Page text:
Two of the stories in the collection are set in Ireland – Trezise went to university in Limerick for a year – and she chooses Limerick as one character’s hometown. Loosie gets caught up acting as a runner for the notorious, real-life McCarthy-Dundon gang and naturally this does not end well. There are some mild problems with Irish dialect in this and the other story set in Ireland, The Blue Ruin Café, for example ‘feller’ for ‘fella’, tagging the word ‘so’ where an Irish person would not, and ‘high school’ for ‘secondary school’ – but, overall, there is a real sense of menace around the gang and inevitable failure around Loosie himself.
Another story I thoroughly enjoyed was Punctuation, which has a different tone to many of the others. It is a quiet, melancholic story about Silke, a young woman in early 1960s East Berlin. She is contained and self-serving – a cool fish – but somehow also sympathetic. The reader is never really sure if Silke is just using her older, American fiancé Michael, because she seems to be still in love with Lars, her ex. The Berlin wall is being erected and Michael devises a plan to get Silke out of East Berlin using his sister’s passport. Silke goes, leaving behind her family, including her pregnant sister who also has a young child, who cannot get back over to the West and her husband. Before Silke leaves she has to get her hair dyed blonde, in order to look something like Michael’s sister – and it turns out that the hairdresser, Ulla, is Lars’s sister. She kisses Ulla and says, ‘For your brother.’
Cosmic Latte is a varied collection, in the vein of Nam Le’s The Boat or Anthony Doerr’s Memory Wall. For the short story fan this can be a relief. There is nothing more boring than reading a collection where the same story is told 11 different ways, which is a disease many collections suffer from. Trezise very much speaks for and about her generation; she is honest, funny, perceptive and fresh. This book is a great read for those who like the dirtier, seedier, harder side of youth culture, as played out in literary fiction, but who also enjoy historical stories and like to travel widely as they read. Cosmic Latte is another top-notch book from a first-class writer.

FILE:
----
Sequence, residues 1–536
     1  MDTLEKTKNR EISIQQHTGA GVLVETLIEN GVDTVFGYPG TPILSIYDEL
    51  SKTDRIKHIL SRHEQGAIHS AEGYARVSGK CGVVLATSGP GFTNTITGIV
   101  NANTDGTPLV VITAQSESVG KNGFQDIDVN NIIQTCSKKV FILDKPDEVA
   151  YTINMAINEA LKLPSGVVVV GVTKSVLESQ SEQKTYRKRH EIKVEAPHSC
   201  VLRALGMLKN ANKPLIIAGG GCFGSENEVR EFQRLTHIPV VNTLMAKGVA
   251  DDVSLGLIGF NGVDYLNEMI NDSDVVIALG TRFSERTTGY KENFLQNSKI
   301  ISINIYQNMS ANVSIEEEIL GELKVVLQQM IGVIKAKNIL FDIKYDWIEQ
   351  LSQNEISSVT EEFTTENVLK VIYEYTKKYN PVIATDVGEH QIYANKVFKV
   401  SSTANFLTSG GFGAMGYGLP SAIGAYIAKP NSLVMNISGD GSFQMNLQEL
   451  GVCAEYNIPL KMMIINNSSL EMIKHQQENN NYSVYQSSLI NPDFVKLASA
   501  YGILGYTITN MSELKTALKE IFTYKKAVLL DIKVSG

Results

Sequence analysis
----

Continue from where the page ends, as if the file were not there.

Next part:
Read a story by this author on her website
About the reviewer: Nuala Ní Chonchúir was born in Dublin, Ireland in 1970; she lives in East Galway. Her fourth short story collection Mother America was published by New Island in 2012; The Irish Times said of it: ‘Ní Chonchúir’s precisely made but deliciously sensual stories mark her as a carrier of Edna O’Brien’s flame.’ Her début novel You (New Island, 2010) was called ‘a gem’ by The Irish Examiner and ‘a heart-warmer’ by The Irish Times. Nuala’s second novel will be published in 2014. A chapbook of short-shorts/flash appears from Tower Press in the USA in Sep. 2013.